The 04/40 plan covers all major components such as oil seals, gaskets, drive belts, wiring looms, and the cooling system. They list each part individually and also include other additions such as the airbag system, air conditioning, and emissions failures. They also specify that “Worn Out Parts” are not included in the cover. However, it is seemingly a broad statement that could apply to any part present on a secondhand vehicle.

In contrast to the 04/40 plan, the 12/120 plan only covers the engine parts, gearbox and transmission, clutch, drive train, and differential, so significantly less parts coverage than the 04/40 plan. It also doesn’t include any additions, but you do have the option to increase the labour rate from £35 per hour to £75 per hour at an additional cost. Both plans direct you to have a look at Section F, which lists what the plans don’t include.

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The parts excluded list is quite extensive in Section F however, it does include some parts that would ordinarily be covered by CRA 2015 such as:

“tailgate and bonnet lifting struts, exhaust manifolds and silencers, sub-frames, fuel and coolant tanks…”

Of course, it is dependent on the length of time since purchase and how the issue came about, but the CRA 2015 does state fitness for purpose and freedom from defects and I, for one, would not be pleased if I purchased a vehicle and the boot did not open. Unfortunately, the Warrantywise plans would not cover any tailgate or bonnet lifting struts but this could be covered under CRA 2015 in the right circumstances.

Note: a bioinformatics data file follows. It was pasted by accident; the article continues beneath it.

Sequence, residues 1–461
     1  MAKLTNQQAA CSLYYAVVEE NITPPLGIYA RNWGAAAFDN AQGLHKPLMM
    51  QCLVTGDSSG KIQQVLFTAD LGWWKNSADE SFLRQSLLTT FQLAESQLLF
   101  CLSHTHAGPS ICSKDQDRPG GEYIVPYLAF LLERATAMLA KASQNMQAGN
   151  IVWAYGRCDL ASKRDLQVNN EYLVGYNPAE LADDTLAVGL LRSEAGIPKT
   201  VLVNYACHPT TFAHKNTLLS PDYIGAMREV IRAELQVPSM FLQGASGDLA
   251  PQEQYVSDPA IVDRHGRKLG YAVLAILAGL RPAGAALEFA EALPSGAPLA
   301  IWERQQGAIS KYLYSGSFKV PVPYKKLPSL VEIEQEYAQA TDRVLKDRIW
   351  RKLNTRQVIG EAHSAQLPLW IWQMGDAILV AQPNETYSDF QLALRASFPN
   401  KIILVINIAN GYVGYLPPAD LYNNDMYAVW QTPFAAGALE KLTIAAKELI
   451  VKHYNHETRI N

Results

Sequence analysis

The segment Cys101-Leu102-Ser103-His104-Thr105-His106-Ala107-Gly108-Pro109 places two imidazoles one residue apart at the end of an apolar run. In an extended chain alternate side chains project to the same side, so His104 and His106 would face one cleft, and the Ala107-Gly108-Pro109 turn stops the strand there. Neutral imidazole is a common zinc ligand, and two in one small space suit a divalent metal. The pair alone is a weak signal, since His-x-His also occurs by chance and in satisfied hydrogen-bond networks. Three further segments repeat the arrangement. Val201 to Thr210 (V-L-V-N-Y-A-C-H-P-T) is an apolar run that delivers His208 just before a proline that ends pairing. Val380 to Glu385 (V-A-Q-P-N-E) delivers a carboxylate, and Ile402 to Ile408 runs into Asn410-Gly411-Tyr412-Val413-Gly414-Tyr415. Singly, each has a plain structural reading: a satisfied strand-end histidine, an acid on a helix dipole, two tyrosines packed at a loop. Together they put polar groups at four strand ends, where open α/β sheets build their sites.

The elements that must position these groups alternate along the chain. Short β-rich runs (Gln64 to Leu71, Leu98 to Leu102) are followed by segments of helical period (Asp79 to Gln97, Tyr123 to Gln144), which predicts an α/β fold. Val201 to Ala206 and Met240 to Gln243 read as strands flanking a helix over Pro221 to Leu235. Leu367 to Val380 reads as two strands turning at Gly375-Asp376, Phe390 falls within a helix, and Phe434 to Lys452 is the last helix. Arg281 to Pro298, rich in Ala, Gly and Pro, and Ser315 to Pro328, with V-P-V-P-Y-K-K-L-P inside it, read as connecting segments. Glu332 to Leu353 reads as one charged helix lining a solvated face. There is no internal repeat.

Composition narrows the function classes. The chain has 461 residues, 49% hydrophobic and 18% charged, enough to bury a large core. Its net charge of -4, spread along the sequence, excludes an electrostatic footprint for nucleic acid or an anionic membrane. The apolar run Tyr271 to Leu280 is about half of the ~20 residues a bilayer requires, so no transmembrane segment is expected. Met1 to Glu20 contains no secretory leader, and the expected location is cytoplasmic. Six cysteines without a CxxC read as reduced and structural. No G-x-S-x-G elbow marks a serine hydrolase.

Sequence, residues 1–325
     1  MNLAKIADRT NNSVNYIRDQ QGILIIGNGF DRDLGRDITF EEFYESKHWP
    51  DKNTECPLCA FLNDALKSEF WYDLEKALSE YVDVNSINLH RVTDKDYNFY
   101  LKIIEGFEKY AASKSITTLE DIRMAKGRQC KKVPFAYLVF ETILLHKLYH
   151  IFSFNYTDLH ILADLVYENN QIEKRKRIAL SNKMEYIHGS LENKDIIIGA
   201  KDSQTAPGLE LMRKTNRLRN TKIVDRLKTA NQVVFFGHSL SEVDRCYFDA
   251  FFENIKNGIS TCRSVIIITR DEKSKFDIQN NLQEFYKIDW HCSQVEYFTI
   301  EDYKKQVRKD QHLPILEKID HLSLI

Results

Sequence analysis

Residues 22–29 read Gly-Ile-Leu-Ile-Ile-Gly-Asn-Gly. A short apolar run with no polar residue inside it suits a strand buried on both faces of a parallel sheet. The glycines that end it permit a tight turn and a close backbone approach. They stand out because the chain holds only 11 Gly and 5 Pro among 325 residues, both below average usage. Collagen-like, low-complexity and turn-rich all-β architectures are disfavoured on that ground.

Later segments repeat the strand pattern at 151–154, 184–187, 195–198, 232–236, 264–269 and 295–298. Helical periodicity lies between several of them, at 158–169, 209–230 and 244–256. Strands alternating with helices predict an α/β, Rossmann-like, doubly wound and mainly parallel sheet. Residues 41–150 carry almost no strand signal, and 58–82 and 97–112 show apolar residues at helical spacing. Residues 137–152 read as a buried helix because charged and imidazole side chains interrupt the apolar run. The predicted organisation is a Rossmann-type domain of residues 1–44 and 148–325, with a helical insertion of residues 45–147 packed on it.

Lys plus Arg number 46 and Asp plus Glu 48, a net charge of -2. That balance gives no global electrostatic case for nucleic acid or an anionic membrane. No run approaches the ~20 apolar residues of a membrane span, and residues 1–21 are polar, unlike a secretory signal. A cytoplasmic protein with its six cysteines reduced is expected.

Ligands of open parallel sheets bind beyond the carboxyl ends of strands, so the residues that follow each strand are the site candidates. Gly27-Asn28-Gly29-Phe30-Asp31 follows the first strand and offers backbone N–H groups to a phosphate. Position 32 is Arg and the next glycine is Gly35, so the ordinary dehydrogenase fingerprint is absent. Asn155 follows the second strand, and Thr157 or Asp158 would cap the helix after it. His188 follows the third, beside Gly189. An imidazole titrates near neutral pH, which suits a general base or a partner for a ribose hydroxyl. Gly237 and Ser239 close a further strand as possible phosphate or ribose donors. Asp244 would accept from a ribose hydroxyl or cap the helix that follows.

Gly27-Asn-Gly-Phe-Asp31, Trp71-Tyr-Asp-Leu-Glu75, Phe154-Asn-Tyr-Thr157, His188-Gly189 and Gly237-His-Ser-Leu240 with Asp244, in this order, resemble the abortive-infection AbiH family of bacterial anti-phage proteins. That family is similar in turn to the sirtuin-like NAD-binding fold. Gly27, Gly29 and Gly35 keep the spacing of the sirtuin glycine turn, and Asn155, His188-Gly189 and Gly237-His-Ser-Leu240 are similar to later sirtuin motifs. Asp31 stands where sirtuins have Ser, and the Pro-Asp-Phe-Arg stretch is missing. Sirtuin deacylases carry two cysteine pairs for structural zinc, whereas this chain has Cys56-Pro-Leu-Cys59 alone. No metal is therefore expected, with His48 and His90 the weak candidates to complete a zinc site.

The plan also specifically states that it does not cover any part noted as requiring attention on any previous MOT Advisory Notice. Usually, our clients conduct an MOT (depending on the situation) before a sale as it pinpoints the condition of the vehicle at the time of sale. If the vehicle has an advisory and that component fails post-purchase, this could be used as an argument for the consumer in that the fault was developing at the time of sale and therefore, a remedy is required. Whereas, Warrantywise specifically does not cover any components listed on any previous MOT test.

Looking at Warrantywise plans as a whole, especially the 04/40 plan, the warranty seemingly covers most components and gives peace of mind to those consumers purchasing secondhand vehicles. However, it also seemingly excludes some big issues that could arise post-purchase as well as the “well documented” issues when googling any common problems with certain vehicles. The statements in the plans are quite broad with multiple expensive issues likely to not fall within the remits of the warranty, but could leave our members with a dispute and possibly the need to provide a remedy under CRA 2015.

Kimberly StickleyTrainee SolicitorRead More by this author

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Warranty or Statutory Rights